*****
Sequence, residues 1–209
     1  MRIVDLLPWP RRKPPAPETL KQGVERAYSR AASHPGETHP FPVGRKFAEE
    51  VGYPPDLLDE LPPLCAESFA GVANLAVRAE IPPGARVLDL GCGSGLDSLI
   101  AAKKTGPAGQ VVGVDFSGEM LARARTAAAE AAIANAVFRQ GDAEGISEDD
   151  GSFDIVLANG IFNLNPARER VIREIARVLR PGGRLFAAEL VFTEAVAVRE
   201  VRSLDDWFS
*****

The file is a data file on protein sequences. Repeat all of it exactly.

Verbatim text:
Sequence, residues 1–209
     1  MRIVDLLPWP RRKPPAPETL KQGVERAYSR AASHPGETHP FPVGRKFAEE
    51  VGYPPDLLDE LPPLCAESFA GVANLAVRAE IPPGARVLDL GCGSGLDSLI
   101  AAKKTGPAGQ VVGVDFSGEM LARARTAAAE AAIANAVFRQ GDAEGISEDD
   151  GSFDIVLANG IFNLNPARER VIREIARVLR PGGRLFAAEL VFTEAVAVRE
   201  VRSLDDWFS